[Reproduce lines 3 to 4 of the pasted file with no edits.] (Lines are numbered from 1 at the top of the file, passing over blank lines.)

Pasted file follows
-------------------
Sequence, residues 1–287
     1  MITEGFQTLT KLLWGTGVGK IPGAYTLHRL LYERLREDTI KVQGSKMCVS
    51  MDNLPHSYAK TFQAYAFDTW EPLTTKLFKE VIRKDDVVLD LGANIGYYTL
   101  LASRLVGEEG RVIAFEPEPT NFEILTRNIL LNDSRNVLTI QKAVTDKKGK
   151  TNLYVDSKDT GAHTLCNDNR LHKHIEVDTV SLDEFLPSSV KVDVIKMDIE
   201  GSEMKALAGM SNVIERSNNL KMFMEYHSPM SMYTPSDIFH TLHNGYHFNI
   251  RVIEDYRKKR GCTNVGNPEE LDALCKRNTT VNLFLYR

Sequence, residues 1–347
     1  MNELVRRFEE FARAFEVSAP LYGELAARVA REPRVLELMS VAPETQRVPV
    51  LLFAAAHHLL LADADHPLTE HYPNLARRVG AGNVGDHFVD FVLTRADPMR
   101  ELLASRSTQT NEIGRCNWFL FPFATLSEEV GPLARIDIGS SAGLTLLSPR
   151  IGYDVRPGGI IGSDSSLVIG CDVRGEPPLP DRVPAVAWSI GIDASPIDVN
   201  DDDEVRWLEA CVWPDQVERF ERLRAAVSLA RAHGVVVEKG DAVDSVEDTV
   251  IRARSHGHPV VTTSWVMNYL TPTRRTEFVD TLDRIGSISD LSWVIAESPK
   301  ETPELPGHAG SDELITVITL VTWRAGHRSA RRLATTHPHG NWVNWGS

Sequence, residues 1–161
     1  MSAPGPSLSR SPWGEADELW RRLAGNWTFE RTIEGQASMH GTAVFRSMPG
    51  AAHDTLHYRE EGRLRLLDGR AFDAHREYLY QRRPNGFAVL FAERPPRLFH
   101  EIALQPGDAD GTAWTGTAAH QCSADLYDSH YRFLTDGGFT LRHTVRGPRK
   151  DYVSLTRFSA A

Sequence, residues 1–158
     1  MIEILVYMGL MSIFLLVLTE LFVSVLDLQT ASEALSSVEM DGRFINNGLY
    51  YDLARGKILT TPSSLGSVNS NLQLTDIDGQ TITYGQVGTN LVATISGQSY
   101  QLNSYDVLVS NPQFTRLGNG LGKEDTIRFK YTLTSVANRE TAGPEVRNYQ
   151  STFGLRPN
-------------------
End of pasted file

    51  MDNLPHSYAK TFQAYAFDTW EPLTTKLFKE VIRKDDVVLD LGANIGYYTL
   101  LASRLVGEEG RVIAFEPEPT NFEILTRNIL LNDSRNVLTI QKAVTDKKGK